Robust Ion Trap Quantum Computation Enabled by Quantum Control

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The advent of quantum computation foretells a new era in science and technology, but the fragility of quantum bits (qubits) and the unreliability of gates hinder the realization of functioning quantum computers. For ion trap quantum computers in particular, 2-qubit operations relying on the M\o lmer-S\o rensen interaction have the greatest error rates. This dissertation introduces frequency-modulated (FM) pulses as a measure to maximize 2-qubit gate fidelity and a way to calibrate gate errors through the measurement of circuit performance.

A key challenge of two-qubit gates in ion chains is unwanted residual entanglement between the ion spin and its motion. Frequency-modulated pulses are developed to achieve such goal. This theoretical advance has led to high-fidelity 2-qubit gates that are robust against small frequency drifts in a 5-ion experiment. Combining frequency and amplitude modulation, numerical calculations suggest that entanglement between an arbitrary pair of qubits are possible in a lattice with up to 50 ions. More recently, long-distance 2-qubit gates have been realized within a 17-ion chain.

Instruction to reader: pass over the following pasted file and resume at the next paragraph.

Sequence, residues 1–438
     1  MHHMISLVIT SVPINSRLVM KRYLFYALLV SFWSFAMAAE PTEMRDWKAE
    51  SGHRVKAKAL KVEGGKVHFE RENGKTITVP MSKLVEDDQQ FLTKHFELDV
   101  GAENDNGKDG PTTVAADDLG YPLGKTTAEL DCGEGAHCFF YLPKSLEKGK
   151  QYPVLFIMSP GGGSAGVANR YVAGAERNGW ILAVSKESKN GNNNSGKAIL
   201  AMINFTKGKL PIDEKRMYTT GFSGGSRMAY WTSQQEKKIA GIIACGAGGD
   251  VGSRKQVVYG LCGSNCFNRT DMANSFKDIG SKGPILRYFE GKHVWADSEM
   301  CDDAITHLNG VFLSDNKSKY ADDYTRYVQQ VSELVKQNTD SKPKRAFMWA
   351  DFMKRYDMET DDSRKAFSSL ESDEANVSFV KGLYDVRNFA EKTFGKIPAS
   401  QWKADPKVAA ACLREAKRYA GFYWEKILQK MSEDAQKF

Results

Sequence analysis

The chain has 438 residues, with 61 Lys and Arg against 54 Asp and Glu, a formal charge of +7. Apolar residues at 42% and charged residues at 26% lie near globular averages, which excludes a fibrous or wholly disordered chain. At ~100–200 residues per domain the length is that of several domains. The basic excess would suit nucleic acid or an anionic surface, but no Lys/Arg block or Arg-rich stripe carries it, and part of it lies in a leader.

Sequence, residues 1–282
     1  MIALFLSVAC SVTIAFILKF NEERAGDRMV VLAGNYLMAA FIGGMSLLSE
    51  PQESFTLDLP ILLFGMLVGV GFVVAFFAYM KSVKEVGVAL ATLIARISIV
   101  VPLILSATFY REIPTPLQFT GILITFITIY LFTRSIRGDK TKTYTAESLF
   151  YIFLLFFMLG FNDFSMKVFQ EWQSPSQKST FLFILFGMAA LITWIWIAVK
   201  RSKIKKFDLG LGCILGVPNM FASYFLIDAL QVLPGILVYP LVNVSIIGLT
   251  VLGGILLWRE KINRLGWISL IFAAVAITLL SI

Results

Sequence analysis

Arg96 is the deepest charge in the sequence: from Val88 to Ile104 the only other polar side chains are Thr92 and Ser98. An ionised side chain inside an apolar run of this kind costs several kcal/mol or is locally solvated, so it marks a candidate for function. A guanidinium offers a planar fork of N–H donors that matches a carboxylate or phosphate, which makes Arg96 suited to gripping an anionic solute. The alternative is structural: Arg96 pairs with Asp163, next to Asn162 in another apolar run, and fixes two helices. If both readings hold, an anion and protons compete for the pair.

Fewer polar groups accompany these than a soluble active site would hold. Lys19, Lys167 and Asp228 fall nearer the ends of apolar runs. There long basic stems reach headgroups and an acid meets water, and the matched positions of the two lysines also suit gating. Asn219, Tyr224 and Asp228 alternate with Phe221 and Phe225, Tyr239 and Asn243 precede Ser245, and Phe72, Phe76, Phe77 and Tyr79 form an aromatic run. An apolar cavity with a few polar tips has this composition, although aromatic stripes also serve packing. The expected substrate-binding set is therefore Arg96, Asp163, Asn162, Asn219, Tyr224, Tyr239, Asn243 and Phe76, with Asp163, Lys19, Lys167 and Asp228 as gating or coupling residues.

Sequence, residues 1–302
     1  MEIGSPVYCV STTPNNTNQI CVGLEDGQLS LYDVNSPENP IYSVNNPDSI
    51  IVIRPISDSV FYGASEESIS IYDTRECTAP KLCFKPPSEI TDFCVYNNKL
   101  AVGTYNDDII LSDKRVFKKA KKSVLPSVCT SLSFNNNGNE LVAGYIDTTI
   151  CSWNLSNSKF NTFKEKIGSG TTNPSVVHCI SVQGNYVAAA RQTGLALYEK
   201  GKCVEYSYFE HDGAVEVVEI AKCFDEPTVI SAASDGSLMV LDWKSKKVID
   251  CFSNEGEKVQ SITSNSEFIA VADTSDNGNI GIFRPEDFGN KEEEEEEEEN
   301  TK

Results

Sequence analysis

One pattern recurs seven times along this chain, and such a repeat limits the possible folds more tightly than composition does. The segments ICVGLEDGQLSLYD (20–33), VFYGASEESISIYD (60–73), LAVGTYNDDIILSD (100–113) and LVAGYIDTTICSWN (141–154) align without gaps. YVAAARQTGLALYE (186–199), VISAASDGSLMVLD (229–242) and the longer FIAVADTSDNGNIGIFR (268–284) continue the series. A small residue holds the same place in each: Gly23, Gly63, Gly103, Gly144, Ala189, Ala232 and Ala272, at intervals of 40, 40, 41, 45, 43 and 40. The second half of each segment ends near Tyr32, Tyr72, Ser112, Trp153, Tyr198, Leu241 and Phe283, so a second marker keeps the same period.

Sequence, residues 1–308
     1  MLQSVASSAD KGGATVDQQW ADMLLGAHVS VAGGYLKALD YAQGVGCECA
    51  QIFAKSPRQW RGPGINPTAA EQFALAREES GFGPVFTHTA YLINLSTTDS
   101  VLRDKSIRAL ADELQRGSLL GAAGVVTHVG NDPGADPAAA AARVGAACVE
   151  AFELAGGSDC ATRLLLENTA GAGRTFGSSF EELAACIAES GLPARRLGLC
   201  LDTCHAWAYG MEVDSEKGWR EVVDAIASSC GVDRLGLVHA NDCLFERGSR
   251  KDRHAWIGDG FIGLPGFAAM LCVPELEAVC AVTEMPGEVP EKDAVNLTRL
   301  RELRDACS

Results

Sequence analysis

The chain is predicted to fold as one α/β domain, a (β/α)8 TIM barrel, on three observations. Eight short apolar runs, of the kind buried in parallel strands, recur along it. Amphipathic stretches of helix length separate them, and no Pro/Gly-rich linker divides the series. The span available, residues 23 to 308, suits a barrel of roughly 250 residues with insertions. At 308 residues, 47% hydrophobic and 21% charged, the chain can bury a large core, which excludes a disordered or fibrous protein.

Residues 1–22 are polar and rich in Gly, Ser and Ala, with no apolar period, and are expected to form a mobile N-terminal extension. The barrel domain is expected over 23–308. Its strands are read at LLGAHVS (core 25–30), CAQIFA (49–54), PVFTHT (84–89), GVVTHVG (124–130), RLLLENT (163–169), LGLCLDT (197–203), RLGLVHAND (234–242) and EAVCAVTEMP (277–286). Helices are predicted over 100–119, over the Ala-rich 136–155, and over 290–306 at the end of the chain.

Quantum circuit calibration is proposed to improve quantum circuits using feedback from measurement results. A relationship between the error parameters and measured observables can be established to identify systematic circuit errors. The calibration of a 6-qubit parity check circuit targeting 2-qubit overrotations has been implemented using measurement results from an experimental 15-ion trap. This improvement is conducive to quantum error correction protocols which involve high-weight stabilizers. A 4-bit Toffoli circuit with an error vector of length 6 is calibrated using a custom circuit simulator, reducing the average error size by a factor of 4. Using linear and quadratic approximation, a 6-bit Toffoli circuit with 12 error parameters is calibrated in the presence of 3 ancilla qubits.






Leung, Pak Hong (James) (2020). Robust Ion Trap Quantum Computation Enabled by Quantum Control. Dissertation, Duke University. Retrieved from


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